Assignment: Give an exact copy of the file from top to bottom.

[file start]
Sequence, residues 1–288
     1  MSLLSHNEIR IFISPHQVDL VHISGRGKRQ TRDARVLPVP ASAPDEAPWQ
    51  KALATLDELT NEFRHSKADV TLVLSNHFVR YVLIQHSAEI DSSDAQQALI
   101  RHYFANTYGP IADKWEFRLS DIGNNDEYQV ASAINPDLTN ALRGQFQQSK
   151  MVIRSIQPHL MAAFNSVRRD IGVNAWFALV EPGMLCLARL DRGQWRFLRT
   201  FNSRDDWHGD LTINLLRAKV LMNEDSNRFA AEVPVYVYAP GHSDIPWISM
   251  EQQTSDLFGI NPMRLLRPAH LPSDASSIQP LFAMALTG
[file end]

Sequence, residues 1–288
     1  MSLLSHNEIR IFISPHQVDL VHISGRGKRQ TRDARVLPVP ASAPDEAPWQ
    51  KALATLDELT NEFRHSKADV TLVLSNHFVR YVLIQHSAEI DSSDAQQALI
   101  RHYFANTYGP IADKWEFRLS DIGNNDEYQV ASAINPDLTN ALRGQFQQSK
   151  MVIRSIQPHL MAAFNSVRRD IGVNAWFALV EPGMLCLARL DRGQWRFLRT
   201  FNSRDDWHGD LTINLLRAKV LMNEDSNRFA AEVPVYVYAP GHSDIPWISM
   251  EQQTSDLFGI NPMRLLRPAH LPSDASSIQP LFAMALTG